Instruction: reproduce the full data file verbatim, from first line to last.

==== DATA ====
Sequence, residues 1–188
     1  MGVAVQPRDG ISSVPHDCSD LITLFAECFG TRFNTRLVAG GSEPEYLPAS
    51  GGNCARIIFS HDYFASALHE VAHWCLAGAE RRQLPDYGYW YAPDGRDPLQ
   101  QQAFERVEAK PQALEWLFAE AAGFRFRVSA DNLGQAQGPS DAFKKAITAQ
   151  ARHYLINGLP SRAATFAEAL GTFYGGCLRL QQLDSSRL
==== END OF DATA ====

Sequence, residues 1–188
     1  MGVAVQPRDG ISSVPHDCSD LITLFAECFG TRFNTRLVAG GSEPEYLPAS
    51  GGNCARIIFS HDYFASALHE VAHWCLAGAE RRQLPDYGYW YAPDGRDPLQ
   101  QQAFERVEAK PQALEWLFAE AAGFRFRVSA DNLGQAQGPS DAFKKAITAQ
   151  ARHYLINGLP SRAATFAEAL GTFYGGCLRL QQLDSSRL